E-Research and learning theory: What do sequence and process mining methods contribute?

Peter Reimann, Lina Markauskaite, Maria Bannert

Research output: Contribution to journalArticlepeer-review

95 Scopus citations


This paper discusses the fundamental question of how data-intensive e-research methods could contribute to the development of learning theories. Using methodological developments in research on self-regulated learning as an example, it argues that current applications of data-driven analytical techniques, such as educational data mining and its branch process mining, are deeply grounded in an event-focused, ontologically flat view of learning phenomena. These techniques provide descriptive accounts of the regularities of events, but have limited power to generate theoretical explanations. Building on the philosophical views of critical realism, the paper argues that educational e-research needs to adopt more nuanced ways for investigating and theorising learning phenomena that could provide an account of the mechanisms and contexts in which those mechanisms are realised. It proposes that future methodological extensions should include three main aspects: (1) stratified ontological frameworks, (2) multimodal data collection and (3) dynamic analytical methods.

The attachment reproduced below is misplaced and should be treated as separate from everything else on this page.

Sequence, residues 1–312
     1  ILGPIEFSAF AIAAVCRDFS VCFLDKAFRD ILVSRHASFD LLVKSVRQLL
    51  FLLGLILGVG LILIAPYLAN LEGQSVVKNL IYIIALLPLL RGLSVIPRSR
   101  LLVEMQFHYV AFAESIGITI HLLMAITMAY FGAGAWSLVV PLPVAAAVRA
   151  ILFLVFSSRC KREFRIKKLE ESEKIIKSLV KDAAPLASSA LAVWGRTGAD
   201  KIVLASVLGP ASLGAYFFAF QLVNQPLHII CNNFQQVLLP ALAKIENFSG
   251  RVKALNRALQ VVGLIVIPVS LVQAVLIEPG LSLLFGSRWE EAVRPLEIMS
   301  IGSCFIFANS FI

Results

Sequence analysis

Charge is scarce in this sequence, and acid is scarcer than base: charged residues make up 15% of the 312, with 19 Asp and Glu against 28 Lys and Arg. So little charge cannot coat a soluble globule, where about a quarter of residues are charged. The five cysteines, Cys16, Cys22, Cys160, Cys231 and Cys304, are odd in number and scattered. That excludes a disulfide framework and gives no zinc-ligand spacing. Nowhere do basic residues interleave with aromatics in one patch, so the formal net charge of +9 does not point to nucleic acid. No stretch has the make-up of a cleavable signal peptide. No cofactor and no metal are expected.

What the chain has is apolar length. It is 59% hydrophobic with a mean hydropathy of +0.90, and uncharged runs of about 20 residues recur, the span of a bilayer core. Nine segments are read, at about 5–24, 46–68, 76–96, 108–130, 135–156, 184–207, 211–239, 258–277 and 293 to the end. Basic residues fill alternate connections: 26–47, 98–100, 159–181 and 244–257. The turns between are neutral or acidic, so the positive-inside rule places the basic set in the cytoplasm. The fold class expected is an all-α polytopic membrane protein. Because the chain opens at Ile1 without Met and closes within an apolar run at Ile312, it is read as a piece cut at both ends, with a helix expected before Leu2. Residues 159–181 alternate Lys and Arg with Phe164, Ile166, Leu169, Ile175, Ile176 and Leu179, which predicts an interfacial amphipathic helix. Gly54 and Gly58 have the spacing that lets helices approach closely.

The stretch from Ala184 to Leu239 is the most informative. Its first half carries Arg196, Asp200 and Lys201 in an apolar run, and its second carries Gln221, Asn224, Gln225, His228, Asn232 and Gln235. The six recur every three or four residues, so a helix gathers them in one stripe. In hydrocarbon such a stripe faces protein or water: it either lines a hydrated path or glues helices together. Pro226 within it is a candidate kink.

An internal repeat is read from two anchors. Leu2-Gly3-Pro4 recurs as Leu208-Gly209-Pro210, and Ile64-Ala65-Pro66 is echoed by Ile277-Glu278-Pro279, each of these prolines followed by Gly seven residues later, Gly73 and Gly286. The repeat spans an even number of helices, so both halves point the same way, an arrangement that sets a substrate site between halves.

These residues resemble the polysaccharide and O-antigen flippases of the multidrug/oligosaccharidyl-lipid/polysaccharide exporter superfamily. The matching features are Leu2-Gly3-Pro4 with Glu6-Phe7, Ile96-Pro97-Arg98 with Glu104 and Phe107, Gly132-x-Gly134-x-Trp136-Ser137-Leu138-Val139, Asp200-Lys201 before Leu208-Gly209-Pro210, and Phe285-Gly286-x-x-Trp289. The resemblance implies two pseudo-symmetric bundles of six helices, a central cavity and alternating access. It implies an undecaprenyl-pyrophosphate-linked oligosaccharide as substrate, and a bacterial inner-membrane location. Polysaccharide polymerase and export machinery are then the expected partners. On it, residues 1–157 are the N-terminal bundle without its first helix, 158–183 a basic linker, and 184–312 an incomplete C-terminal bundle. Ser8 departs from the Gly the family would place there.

Original languageEnglish
Pages (from-to)528-540
Number of pages13
JournalBritish Journal of Educational Technology
Issue number3
StatePublished - May 2014
Externally publishedYes


Dive into the research topics of 'E-Research and learning theory: What do sequence and process mining methods contribute?'. Together they form a unique fingerprint.

Cite this